• “Columbia’s Daughters in Drag; or, Cross-Dressing, Collaboration, and Authorship in Early American Novels.” Feminist Interventions in Early American Literature. Ed. Mary Carruth. Tuscaloosa: Univ. of Alabama P., 2006. 240-252.
  • “’And the Ladies in particular’: Constructions of Femininity in The Gentleman and Ladies Town and Country Magazine and Ladies Magazine, and Repository of Entertaining Knowledge.” Periodical Literature in Eighteenth-Century America. Ed. Sharon M. Harris and Mark L. Kamrath. Knoxville, Tennessee: U of Tennessee P, 2005. 277-306.
  • “’Cross-Cultural Conversations’: The Indian Captivity Narrative.” Blackwell Companion to the Literatures of Colonial America. Ed. Ivy T. Schweitzer and Susan Castillo. Oxford: Blackwell, 2005: 464-79.
  • “’Dear Matron—‘: Constructions of Women in Eighteenth-Century American Periodical Advice Columns.” Studies in American Humor. 3.11 (2004): 57-62.
  • “Race, Romanticism, and the Politics of Feminist Literary Study: Harriet Prescott Spofford’s “’The Amber Gods.’” Legacy: A Journal of American Women Writers 18.1 (2001). 35-51.
  • “Uncle Tom’s Cabin and Conventional Nineteenth-Century Domesticity.” Approaches to Teaching Stowe’s Uncle Tom’s Cabin. Ed. Elizabeth Ammons and Susan Belasco Smith. New York: MLA, 2000. 46-56.
  • “Encouraging Feminism: Teaching The Handmaid’s Tale in the Introductory Women’s Studies Classroom.” Teaching Introduction to Women’s Studies: Expectations and Strategies. Ed. Barbara Scott Winkler and Carolyn DiPalma. Westport: Bergin, 1999. 191-200.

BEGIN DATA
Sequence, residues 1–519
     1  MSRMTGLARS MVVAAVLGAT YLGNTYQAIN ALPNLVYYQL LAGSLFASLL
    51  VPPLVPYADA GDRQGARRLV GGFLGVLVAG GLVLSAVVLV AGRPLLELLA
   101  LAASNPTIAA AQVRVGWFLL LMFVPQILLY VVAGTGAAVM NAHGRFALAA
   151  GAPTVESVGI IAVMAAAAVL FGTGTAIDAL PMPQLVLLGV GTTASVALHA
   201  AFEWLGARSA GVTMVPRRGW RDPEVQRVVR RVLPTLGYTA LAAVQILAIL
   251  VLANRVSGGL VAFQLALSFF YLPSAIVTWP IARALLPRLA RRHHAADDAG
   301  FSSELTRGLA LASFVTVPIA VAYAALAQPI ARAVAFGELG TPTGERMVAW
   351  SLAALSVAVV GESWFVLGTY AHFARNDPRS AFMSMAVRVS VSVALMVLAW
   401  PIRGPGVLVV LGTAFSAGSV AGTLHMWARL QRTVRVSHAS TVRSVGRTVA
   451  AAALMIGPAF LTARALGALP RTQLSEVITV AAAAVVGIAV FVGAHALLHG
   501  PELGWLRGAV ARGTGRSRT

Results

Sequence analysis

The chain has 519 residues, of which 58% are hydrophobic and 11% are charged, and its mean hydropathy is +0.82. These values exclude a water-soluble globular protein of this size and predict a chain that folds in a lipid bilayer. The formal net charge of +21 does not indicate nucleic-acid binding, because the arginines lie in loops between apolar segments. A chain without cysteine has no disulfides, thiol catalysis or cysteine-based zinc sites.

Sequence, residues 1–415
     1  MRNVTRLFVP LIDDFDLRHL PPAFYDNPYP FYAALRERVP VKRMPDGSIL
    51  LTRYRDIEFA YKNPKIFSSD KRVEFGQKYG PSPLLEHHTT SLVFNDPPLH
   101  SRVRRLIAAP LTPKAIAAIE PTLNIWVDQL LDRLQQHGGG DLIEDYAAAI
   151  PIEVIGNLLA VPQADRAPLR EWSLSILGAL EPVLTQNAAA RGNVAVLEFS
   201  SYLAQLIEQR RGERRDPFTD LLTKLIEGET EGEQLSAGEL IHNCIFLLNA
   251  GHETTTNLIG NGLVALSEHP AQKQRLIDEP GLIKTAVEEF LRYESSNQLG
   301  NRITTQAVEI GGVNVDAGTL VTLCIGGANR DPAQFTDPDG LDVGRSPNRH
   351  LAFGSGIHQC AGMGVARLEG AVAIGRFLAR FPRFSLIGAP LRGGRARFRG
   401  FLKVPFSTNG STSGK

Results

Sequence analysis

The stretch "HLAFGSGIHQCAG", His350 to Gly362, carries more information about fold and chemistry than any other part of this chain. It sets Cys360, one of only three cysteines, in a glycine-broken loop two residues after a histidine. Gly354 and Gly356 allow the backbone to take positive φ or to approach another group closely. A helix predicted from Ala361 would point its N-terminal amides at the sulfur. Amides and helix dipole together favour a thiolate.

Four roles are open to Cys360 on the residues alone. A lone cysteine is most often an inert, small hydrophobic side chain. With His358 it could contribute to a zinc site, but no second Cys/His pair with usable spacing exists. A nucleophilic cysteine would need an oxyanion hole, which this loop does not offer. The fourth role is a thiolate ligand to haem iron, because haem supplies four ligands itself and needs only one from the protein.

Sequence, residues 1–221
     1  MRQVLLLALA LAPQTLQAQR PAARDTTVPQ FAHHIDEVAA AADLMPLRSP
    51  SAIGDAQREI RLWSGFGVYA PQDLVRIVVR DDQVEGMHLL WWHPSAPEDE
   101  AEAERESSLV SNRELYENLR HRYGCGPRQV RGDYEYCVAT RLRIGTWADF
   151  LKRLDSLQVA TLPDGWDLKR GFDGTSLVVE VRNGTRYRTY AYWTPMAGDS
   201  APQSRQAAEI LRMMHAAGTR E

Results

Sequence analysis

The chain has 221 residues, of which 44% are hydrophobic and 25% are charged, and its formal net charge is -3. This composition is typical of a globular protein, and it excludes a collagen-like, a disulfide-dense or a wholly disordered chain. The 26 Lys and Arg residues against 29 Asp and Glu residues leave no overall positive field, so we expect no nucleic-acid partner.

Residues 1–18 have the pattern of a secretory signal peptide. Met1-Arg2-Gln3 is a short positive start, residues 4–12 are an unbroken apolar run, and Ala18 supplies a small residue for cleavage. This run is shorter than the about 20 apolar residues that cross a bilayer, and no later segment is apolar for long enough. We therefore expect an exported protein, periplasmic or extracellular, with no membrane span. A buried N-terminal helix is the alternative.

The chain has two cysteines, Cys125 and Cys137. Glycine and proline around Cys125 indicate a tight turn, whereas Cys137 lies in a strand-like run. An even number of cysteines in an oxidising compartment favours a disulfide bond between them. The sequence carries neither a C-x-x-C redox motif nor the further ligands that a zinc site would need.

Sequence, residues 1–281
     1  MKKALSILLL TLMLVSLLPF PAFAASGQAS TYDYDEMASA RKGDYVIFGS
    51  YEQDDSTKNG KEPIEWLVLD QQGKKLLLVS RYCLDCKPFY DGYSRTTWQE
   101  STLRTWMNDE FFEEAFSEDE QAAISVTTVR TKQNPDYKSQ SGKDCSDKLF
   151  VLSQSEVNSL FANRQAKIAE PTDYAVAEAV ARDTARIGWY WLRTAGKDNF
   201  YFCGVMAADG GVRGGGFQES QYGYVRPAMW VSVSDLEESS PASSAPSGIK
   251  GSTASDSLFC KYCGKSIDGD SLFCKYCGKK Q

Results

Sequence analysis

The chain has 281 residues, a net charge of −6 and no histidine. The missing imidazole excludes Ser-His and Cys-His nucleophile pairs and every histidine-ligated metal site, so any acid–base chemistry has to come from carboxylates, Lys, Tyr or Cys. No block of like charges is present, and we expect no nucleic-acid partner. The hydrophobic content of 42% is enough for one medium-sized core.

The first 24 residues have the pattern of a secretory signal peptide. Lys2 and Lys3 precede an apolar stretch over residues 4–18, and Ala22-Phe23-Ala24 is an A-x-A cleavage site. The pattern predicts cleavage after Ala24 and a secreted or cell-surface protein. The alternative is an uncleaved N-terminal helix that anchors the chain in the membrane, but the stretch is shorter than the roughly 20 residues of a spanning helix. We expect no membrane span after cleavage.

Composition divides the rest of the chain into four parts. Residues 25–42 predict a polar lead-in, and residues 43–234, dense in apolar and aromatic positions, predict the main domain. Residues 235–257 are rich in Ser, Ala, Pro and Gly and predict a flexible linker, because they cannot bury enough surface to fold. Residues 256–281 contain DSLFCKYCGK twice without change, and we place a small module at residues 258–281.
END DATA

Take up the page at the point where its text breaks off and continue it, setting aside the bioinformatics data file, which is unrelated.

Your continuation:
• “The Anxieties of Authorship: Gender, Agency, and Textual Production in Eighteenth-Century America.” Review 21 (1999): 257-64.
  • "'There is no home there': Captivity and Restoration in Spofford's 'Circumstance.'" Safe Space: Violence and Women’s Writing. Ed. Julie Tharp and Tomoko Kuribayashi. Albany: State U of New York P, 1997. 117-30.
  • Introduction. Critical Essays on Carson McCullers. Ed. Beverly Lyon Clark and Melvin Friedman. New York: Hall, 1996. 1-16.
  • "Nobody Knows Best: Carson McCullers' Plays as Social Criticism." Southern Quarterly 33. 2-3 (1995): 23-34. [Co-author: Brooke Horvath]
  • "Mary Rowlandson's Captivity and the 'Place' of the Woman Subject." Early American Literature 28.3 (1993): 255-77. [Honorable Mention, Richard Beale Davis Prize for Best Essay in EAL 1993]

Miscellaneous Publications

  • “Domestic Fiction.” American History Through Literature, 1820-1870. Ed. Janet Gabler-Hover, Robert D. Sattelmeyer. New York: Charles Scribners Sons (Thomson Gale), 2006.
  • “American Women’s Autobiography: Early Diarists and Memoirists.” Encyclopedia of Women’s Autobiography. Ed. Victoria Boynton and Jo Malin. Greenwood Press, 2005. 32-42.
  • “Bodies in Space: Reading Gender and Race in Context.” Early American Literature 38.3 (2003): 521-26.
  • "Julia Ward Howe." American Travel Writers, Volume II, 1851-1901. Ed. Donald Ross and James Schramer. Dictionary of Literary Biography. Vol. 189. Detroit: Bruccoli Clark Layman, 1998: 166-71.
  • "Mary Lewis Kinnan." American Women Prose Writers to 1820. Ed. Carla Mulford, et al. Dictionary of Literary Biography. Vol. 200. Detroit: Bruccoli Clark Layman, 1998: 217-20.

Awards

2018-2019 Davida Deutsch Fellowship in Women's History, Library Company of Philadelphia.
2016-2017. UCF Competitive Sabbatical Award.
2015. UCF Scholarship of Teaching and Learning Award.